‘Amulet’ Review: Surreal Horror Movie Embarks On A Road Less Traveled.

Bruce Purkey reviews "Amulet," the audacious feature writing and directing debut of actress Romola Garai.

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Carla Juri in AMULET, a Magnet release. © Nick Wall. Photo courtesy of Magnet Releasing.
Amulet, now in theaters and available on Premium Video on Demand, is the feature debut, written and directed, by established actor, Romola Garai. Unlike many actors-turned-director, who might opt for an indie drama or romantic comedy, Garai dives head-first into a non-linear, surreal horror movie. She certainly did not choose the safe route.

The film opens on a remote, forested checkpoint. A single soldier, Tomas (Alec Secareanu) mans the post. We are shown quick moments of Tomaz unearthing a small figurine in the mossy soil, then later, a lone woman running toward the checkpoint. This is the beginning of one story thread and one mystery. 

The second story thread begins sometime later than the opening scene. We now meet Tomas, bearded, living a nearly homeless life in London. He is quickly taken under the protective wing of Sister Claire (played by the always amazing Imelda Staunton). Sister Claire sees a man in need of a purpose, finding him a handyman position with a young woman, Magda (Carla Juri). Magda needs the help because she is already over-taxed, caring for her invalid mother, a mother we don’t see, but only hear moaning pitifully from an attic room.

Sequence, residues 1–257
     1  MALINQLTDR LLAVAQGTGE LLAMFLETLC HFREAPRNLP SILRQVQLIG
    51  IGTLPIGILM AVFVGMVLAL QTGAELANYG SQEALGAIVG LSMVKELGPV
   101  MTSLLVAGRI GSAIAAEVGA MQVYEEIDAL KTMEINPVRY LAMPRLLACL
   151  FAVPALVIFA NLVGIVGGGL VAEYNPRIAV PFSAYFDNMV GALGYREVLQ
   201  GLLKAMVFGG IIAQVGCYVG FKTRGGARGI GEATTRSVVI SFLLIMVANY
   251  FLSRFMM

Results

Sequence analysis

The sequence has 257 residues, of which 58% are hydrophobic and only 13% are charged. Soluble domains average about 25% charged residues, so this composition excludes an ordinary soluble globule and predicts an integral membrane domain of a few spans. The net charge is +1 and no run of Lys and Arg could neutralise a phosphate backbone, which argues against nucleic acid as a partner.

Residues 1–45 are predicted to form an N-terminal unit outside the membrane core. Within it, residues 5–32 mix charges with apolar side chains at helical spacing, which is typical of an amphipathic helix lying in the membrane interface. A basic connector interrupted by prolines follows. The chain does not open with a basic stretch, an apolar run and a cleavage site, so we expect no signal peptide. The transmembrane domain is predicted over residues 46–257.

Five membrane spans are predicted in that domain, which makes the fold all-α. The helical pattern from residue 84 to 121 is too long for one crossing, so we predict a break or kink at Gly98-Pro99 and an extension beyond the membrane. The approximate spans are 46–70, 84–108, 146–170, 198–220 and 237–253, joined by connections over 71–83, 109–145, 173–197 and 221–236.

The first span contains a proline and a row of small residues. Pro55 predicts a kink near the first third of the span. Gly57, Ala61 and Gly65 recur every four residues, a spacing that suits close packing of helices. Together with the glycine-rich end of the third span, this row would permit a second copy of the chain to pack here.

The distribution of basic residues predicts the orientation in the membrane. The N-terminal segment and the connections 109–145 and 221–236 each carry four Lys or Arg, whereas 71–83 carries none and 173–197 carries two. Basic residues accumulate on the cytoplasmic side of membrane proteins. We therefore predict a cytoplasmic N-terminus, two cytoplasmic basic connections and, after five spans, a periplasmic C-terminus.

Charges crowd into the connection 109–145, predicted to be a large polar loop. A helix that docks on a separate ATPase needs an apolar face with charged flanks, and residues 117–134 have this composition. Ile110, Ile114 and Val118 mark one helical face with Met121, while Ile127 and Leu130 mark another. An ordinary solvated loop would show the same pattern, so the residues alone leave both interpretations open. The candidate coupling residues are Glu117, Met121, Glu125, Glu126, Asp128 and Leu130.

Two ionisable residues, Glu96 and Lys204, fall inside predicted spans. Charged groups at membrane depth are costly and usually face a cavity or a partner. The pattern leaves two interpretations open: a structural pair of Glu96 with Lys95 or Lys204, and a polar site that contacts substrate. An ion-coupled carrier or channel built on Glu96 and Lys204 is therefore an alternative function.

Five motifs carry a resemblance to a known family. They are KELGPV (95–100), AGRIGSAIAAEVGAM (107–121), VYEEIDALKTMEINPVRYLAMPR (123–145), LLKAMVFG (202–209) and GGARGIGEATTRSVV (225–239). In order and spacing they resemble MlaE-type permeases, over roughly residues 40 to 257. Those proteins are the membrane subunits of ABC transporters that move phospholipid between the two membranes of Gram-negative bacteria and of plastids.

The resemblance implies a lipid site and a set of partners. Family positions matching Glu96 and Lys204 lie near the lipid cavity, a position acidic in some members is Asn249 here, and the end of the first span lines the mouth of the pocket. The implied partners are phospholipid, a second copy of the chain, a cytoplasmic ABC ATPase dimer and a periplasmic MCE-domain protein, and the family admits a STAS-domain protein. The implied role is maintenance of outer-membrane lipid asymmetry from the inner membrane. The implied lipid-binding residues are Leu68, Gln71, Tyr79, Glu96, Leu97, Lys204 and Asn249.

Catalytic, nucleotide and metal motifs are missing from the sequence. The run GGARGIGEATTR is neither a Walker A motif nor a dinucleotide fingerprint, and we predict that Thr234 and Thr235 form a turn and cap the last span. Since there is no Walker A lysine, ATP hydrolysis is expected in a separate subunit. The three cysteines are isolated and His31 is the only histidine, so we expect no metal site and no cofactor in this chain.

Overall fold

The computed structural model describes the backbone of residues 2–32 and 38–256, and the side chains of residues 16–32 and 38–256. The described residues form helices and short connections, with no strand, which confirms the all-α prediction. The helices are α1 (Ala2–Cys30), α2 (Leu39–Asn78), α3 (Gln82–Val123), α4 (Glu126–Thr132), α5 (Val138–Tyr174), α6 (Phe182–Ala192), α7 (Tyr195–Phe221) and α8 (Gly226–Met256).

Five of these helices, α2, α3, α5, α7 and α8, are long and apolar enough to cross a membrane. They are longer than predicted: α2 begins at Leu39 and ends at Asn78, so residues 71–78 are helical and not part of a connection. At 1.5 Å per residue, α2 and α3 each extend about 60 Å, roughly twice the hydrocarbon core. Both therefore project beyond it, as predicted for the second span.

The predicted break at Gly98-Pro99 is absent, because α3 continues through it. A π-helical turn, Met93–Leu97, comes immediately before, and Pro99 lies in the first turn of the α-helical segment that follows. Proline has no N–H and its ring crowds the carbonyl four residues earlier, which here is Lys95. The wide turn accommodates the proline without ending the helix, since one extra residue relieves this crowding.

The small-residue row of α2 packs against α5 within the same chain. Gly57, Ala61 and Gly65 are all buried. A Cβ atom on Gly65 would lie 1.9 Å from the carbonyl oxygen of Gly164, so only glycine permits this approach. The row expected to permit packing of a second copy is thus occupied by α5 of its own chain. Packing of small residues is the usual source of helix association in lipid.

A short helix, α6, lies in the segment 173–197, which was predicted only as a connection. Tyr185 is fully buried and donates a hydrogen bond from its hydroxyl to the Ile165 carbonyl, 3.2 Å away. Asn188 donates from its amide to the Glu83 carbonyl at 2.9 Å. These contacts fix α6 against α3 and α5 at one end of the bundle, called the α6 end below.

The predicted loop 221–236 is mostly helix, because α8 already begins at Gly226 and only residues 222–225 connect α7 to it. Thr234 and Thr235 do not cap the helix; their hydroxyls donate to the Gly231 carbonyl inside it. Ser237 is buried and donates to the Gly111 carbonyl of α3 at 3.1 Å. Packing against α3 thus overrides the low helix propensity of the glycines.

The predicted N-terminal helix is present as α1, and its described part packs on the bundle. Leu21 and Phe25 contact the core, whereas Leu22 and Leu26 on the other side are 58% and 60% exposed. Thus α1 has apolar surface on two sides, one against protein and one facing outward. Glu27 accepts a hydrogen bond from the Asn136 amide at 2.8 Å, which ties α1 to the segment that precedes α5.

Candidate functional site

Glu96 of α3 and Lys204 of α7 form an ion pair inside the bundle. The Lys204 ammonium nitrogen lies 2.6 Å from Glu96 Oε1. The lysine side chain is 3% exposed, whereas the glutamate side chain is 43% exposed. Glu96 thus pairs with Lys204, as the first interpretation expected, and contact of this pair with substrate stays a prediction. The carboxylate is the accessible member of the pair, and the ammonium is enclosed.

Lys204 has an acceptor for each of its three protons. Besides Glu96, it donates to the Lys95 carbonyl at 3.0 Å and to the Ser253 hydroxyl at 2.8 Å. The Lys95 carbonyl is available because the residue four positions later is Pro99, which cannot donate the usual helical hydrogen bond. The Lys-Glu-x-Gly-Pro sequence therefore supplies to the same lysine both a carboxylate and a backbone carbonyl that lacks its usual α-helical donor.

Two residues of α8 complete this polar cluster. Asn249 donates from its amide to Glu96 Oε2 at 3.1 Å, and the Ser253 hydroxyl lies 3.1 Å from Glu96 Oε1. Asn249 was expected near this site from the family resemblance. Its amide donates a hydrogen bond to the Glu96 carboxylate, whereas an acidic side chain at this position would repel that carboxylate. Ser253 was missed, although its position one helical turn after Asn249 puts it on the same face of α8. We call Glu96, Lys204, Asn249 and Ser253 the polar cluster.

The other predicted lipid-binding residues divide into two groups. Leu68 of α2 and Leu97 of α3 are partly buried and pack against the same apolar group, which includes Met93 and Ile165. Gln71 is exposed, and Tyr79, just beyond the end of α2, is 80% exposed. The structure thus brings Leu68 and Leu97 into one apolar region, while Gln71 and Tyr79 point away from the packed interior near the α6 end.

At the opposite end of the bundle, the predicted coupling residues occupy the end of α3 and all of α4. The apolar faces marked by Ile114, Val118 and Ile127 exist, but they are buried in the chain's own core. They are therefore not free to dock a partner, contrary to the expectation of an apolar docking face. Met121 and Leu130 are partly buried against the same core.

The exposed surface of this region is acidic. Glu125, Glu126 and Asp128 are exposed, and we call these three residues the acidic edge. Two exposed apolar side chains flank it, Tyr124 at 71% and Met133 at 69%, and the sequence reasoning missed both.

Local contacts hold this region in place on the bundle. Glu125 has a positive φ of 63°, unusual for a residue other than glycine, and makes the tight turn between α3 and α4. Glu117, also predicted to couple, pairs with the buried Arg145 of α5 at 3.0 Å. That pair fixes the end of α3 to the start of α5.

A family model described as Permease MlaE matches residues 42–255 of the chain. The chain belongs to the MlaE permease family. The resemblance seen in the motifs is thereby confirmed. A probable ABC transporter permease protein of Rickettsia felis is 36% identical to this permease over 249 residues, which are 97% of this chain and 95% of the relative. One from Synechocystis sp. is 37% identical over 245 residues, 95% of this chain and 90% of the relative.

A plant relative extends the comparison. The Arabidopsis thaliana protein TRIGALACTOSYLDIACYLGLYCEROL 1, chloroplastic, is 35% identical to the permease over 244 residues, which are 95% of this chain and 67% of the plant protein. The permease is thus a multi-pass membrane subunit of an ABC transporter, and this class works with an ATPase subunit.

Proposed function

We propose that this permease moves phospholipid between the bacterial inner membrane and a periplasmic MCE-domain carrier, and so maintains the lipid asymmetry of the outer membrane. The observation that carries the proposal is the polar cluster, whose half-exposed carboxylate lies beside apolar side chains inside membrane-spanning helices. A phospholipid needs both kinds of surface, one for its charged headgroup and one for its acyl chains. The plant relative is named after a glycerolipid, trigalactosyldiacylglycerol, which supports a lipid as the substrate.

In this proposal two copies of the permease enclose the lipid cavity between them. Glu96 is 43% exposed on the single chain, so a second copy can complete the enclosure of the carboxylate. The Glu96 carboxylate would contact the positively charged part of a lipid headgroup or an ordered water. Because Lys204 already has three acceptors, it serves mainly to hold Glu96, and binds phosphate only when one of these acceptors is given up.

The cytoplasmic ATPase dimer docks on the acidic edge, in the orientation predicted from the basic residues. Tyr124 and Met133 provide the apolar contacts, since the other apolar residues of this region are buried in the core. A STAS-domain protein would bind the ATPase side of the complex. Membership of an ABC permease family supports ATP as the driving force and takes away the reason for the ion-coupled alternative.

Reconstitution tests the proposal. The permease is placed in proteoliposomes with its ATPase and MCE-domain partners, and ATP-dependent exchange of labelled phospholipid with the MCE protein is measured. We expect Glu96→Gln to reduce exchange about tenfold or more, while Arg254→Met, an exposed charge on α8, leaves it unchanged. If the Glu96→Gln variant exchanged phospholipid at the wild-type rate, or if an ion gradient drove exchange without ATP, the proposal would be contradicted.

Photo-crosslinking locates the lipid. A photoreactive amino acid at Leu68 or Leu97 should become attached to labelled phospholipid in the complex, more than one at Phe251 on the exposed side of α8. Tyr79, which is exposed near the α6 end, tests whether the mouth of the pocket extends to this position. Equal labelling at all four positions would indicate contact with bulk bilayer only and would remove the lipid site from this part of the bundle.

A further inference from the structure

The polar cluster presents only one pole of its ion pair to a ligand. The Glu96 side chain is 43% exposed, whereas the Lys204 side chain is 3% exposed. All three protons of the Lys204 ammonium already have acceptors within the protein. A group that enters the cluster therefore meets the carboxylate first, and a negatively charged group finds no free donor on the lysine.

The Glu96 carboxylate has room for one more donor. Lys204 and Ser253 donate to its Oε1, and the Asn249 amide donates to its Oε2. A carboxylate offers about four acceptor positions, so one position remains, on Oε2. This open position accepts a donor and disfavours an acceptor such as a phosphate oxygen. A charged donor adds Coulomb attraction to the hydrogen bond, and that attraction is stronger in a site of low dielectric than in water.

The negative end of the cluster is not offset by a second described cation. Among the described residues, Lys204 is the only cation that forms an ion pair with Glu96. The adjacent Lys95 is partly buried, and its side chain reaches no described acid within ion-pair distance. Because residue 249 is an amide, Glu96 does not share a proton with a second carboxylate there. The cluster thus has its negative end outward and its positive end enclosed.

‘Amulet’ writer/director Romola Garai talks about her love for the 2018 feature Border:

The remainder of the movie interweaves the two stories, slowly unravelling dark secrets. But, what is difficult to describe about Amulet, is the tone. Amulet oozes a sort of surreal evil from its pores. The soundscape is a mix of choirs and folk chants with chimes and backwards loops of sound. The visual approach is sometimes dreamy, sometimes grounded and literal. And, then, the final act.

Alec Secareanu and Carla Juri in AMULET, a Magnet release. © Rob Baker Ashton. Photo courtesy of Magnet Releasing.

The final act sews together the two plot threads, answering most of the mysteries, while creating a few new questions about the forces driving these characters together. Garai offers surprising elements of body horror, retribution, feminist theory, and a few moments that rise to Ken Russell levels of surreal insanity. The lengths to which the viewer accepts this final act will determine if Amulet hits or misses its mark. For myself, Amulet was bravura, near-visionary, filmmaking.

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